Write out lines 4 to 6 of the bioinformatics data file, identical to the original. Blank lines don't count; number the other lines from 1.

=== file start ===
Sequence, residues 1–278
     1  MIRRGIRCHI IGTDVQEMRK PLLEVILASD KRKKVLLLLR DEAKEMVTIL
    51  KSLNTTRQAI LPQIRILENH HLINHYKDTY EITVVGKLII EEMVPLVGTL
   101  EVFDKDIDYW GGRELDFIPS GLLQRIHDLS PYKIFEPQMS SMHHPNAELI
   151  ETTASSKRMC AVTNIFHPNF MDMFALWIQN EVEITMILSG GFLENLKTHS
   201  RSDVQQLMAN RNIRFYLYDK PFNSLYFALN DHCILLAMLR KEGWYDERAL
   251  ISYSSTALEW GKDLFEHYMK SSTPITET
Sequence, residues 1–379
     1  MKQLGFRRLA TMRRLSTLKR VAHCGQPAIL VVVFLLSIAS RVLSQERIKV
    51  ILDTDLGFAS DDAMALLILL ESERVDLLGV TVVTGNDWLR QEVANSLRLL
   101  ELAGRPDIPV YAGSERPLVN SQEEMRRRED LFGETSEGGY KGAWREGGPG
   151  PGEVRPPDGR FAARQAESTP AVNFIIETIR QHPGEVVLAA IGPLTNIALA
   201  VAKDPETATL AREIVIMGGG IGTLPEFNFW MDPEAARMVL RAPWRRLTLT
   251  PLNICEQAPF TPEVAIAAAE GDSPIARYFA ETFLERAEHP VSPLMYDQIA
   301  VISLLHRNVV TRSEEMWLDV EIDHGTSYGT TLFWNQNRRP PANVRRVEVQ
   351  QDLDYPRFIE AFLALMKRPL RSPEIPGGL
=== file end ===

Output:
   101  EVFDKDIDYW GGRELDFIPS GLLQRIHDLS PYKIFEPQMS SMHHPNAELI
   151  ETTASSKRMC AVTNIFHPNF MDMFALWIQN EVEITMILSG GFLENLKTHS
   201  RSDVQQLMAN RNIRFYLYDK PFNSLYFALN DHCILLAMLR KEGWYDERAL